Federal Water Minister David Littleproud has proposed a new Inspector-General to hold authorities to account for their management of the Murray-Darling Basin.
A new independent umpire for the Murray-Darling Basin will hold governments and authorities to account for their management of the river system, under a proposal from the federal water minister.
David Littleproud is set to ask states involved in the Basin to back his proposal for a new Inspector-General at a ministerial meeting on Sunday.
"This is a new tough cop on the beat across the Murray-Darling, with the powers needed to ensure integrity in delivery of the Basin Plan," Mr Littleproud said on Thursday.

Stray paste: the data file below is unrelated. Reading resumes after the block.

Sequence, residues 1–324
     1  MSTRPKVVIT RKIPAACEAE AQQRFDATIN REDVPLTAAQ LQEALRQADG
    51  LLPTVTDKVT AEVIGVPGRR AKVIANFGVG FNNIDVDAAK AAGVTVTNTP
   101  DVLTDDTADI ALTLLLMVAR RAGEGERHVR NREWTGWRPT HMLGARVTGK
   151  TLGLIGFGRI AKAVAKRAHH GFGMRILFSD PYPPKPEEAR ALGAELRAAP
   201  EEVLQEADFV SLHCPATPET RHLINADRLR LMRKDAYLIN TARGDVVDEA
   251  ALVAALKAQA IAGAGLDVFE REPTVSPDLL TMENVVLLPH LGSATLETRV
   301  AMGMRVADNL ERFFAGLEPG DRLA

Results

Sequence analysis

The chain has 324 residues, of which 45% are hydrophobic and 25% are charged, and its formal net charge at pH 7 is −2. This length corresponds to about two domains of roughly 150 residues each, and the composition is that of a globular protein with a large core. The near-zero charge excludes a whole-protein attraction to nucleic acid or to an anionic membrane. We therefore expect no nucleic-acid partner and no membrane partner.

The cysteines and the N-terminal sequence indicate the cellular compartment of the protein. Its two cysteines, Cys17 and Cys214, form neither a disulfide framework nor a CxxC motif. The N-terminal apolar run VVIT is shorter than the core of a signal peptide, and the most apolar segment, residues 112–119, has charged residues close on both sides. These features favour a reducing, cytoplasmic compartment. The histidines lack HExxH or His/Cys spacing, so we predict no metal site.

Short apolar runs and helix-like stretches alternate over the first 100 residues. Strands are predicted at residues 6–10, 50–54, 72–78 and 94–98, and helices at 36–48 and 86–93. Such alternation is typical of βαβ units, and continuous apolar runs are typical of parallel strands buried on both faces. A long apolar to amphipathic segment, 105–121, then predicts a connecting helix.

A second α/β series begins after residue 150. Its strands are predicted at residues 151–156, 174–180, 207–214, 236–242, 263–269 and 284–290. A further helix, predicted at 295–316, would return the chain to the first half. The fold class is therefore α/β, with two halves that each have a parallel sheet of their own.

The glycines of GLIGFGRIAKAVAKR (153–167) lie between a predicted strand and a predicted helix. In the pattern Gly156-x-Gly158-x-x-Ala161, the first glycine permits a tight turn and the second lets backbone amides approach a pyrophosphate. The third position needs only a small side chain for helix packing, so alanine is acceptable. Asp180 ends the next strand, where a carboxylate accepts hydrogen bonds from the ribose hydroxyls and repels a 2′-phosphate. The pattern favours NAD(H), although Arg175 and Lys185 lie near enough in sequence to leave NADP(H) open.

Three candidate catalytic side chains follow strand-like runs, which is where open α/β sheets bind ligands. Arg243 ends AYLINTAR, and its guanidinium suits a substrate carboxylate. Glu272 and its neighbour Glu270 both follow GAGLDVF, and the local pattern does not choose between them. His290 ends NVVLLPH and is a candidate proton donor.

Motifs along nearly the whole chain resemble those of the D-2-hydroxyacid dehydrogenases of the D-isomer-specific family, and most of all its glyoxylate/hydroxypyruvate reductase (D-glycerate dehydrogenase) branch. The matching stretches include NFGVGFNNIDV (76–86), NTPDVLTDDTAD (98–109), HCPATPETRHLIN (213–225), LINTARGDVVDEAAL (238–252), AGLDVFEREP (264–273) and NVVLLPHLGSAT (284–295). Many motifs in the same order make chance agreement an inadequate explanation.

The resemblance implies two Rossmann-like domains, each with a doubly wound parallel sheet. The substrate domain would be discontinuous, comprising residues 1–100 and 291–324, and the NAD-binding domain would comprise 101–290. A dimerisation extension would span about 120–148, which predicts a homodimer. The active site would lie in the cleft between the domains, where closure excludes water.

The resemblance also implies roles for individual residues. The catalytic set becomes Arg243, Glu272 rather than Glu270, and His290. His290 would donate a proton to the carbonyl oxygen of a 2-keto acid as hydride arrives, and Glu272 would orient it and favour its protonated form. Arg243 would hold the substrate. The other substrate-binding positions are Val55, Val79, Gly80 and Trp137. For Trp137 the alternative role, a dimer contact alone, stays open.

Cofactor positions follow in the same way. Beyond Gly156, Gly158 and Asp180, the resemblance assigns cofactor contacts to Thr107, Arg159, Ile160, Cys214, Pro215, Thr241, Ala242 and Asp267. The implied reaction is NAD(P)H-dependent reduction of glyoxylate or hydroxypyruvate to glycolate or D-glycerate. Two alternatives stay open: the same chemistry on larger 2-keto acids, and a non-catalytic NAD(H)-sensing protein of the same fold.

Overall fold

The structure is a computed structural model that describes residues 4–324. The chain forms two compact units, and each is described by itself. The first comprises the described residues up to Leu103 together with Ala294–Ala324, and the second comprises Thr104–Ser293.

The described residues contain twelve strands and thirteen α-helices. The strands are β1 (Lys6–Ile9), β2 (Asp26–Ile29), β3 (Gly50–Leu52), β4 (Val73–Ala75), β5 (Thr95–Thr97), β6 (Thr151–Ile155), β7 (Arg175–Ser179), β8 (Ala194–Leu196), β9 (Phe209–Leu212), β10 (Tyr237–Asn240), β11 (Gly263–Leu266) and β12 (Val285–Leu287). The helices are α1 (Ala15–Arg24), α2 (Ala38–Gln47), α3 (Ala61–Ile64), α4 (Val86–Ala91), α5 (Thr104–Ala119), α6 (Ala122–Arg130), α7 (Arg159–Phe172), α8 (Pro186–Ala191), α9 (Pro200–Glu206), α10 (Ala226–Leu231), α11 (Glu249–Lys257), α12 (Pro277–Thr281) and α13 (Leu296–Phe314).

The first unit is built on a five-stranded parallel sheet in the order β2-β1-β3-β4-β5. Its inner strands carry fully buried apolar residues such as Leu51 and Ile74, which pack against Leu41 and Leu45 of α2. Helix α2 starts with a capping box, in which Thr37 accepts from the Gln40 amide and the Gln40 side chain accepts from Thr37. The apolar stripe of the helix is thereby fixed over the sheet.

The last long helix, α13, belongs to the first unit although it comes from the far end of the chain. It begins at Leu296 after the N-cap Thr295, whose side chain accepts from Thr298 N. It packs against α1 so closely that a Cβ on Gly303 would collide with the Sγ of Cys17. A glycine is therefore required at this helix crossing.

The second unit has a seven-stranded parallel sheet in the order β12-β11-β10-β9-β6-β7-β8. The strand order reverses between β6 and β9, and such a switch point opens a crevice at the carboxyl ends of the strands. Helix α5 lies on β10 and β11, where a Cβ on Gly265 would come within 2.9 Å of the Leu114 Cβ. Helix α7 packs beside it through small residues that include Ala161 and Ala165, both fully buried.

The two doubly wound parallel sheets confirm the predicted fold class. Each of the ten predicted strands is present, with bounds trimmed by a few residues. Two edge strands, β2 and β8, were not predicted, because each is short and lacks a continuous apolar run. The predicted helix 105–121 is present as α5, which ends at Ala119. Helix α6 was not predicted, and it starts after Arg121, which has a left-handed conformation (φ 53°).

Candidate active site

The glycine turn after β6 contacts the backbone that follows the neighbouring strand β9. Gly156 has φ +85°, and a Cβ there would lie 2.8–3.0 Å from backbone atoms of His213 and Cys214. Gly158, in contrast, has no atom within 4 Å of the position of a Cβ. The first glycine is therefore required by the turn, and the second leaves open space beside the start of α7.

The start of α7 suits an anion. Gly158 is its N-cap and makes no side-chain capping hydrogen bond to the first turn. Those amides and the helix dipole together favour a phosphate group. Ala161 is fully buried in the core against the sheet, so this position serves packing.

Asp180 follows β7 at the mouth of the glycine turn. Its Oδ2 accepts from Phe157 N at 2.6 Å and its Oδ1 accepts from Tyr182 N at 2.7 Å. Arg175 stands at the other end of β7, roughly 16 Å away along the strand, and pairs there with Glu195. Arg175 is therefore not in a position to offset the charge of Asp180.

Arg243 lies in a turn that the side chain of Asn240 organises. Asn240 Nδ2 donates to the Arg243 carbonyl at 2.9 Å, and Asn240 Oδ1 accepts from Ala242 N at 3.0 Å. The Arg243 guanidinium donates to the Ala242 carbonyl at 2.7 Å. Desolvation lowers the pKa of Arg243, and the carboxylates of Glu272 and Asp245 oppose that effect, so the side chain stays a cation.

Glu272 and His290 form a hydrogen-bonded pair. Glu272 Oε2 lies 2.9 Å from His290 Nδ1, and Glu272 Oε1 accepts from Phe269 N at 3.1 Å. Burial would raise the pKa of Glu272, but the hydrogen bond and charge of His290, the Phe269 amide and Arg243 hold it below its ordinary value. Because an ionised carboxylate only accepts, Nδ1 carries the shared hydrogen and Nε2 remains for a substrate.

The Inspector-General would have powers to investigate suspected water theft, collecting evidence and supplying it to authorities under a statutory position established through an amendment to water laws.
The position wouldn't replace the Murray-Darling Basin Authority, however, it would hold the regulator to account, along with the federal and state governments, the minister said.
"The public needs to know the Basin Plan is delivering the water it was intended to, and farmers need to know the Plan is working as it should."
The position would be established by 2020, with offices and support staff also appointed.
South Australia recently called for an "independent umpire" to be appointed to ensure states and the Commonwealth deliver what has been promised under the Basin plan.
The federal government says the idea has been in train for months and is unrelated to recent stories by ABC's Four Corners on the river system.